Founding feminists

Women's & Gender Studies
November 19, 2013

When Joan Straumanis came to Denison as a philosophy professor in 1971, she was introduced at her first faculty meeting as a “real feminist hell raiser.”

“That marked me the whole first year,” she says. “It was necessary for me to either be that, or to disappoint.”

Whether you’d consider Straumanis a feminist hell raiser or not, one thing’s for sure: the woman got things done. During that fall of 1971, she immediately began to look around at the curricular programming in place for women—and there wasn’t much. Across the nation, formal women’s studies programs were almost unknown at that time, and the whole idea of feminism in academics was just getting its start.

So when Ann Fitzgerald joined the English faculty a year later, the pair teamed up with interested students to create a women’s studies program at Denison. It began as a grassroots effort, but eventually blossomed to become part of a path-breaking requirement at Denison that encouraged students to explore issues facing women and minorities—and influenced other colleges around the country.

On Oct. 7, 2010 the women and men who helped to create the women’s studies program at Denison gathered with current faculty, staff, and students to celebrate its 40th anniversary. Among those who returned for the conference were Straumanis, who now directs a “science of learning” program at the National Science Foundation, and Fitzgerald, who teaches in the Graduate Program in American Studies at Trinity College, along with many women’s studies alumni and supporters.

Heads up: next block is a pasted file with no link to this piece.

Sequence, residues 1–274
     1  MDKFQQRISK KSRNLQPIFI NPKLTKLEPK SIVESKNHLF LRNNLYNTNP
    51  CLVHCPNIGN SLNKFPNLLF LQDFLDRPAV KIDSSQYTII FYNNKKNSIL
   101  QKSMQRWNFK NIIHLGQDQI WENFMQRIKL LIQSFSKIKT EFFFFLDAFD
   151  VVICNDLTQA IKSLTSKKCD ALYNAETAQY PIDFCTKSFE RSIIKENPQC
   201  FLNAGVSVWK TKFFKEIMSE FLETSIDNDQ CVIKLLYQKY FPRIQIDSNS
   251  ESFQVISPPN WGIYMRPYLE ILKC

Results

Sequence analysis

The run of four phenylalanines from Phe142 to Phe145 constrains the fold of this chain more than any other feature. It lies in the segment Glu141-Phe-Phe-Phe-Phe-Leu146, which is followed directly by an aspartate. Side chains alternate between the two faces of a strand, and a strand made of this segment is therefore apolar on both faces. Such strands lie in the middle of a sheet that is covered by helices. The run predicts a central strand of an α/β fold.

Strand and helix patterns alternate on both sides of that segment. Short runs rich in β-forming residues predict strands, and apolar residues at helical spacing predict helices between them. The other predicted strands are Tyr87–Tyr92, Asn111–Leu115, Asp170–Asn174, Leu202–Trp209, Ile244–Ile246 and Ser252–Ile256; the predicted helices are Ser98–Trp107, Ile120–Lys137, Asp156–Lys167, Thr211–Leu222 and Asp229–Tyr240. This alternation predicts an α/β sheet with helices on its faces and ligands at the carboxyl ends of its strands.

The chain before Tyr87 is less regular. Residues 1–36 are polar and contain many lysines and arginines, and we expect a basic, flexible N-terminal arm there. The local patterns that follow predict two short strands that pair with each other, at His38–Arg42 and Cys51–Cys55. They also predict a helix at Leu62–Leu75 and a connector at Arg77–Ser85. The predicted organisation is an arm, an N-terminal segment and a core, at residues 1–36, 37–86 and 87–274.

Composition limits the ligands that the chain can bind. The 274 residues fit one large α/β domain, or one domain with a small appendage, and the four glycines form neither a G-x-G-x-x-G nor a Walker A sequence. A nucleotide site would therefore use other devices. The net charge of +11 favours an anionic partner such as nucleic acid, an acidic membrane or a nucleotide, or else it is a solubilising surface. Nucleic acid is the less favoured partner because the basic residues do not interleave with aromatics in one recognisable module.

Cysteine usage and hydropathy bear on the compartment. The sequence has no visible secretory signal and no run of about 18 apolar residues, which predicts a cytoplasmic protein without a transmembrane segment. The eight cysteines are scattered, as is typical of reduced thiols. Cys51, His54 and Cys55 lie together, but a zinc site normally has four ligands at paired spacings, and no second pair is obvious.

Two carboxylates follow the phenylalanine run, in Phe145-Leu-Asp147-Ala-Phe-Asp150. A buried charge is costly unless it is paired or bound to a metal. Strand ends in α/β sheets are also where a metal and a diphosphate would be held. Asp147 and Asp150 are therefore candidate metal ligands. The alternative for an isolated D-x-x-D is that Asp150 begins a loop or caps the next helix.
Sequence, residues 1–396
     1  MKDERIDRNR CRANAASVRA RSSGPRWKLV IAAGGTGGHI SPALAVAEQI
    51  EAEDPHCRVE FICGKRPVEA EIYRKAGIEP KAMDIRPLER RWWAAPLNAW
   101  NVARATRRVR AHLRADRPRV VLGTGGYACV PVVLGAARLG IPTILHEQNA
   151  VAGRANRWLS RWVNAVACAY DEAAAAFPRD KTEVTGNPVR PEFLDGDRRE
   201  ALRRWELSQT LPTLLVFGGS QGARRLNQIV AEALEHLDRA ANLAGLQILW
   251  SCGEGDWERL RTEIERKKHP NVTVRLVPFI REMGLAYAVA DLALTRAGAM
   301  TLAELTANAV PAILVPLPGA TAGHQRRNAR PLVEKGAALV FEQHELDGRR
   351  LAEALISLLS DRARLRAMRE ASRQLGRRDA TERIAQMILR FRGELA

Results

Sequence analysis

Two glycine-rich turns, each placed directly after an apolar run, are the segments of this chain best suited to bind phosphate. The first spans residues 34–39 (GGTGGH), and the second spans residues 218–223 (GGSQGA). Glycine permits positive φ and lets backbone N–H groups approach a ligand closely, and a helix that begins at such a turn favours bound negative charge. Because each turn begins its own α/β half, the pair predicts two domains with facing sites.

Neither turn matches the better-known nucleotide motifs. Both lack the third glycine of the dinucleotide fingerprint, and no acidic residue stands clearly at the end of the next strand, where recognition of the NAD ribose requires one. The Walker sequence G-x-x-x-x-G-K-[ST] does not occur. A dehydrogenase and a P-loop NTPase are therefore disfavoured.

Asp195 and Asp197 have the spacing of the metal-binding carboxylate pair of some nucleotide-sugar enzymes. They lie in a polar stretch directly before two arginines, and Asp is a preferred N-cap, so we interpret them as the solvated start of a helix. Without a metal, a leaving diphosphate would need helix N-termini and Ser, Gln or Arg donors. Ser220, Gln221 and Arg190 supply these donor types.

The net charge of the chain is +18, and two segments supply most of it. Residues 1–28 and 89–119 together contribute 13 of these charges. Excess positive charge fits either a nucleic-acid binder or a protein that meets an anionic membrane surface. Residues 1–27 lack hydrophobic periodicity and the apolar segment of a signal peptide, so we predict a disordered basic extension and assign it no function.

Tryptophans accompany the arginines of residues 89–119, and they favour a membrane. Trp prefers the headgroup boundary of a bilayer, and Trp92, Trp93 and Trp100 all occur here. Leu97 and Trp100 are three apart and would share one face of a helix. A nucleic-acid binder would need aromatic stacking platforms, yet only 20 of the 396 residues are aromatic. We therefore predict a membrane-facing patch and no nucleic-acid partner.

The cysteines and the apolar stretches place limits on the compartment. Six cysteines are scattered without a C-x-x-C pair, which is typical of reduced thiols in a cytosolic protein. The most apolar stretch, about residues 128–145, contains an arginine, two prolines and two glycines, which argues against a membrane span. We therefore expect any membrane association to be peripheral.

The event was called “About a Decade: 1972-1984.” Throughout the three-day conference, attendees reminisced about the start of women’s studies at Denison and chatted frankly about the state of women students today, discussing topics such as sexual violence and harassment, and issues facing the gay, lesbian, bisexual, and transgender communities.

Through panel discussions and workshops that focused on everything from student activism to the roles of women in business, science, and the arts, the past generation of women’s studies proponents encouraged current student activists to not sit by idly but to continue what started here nearly 40 years ago.

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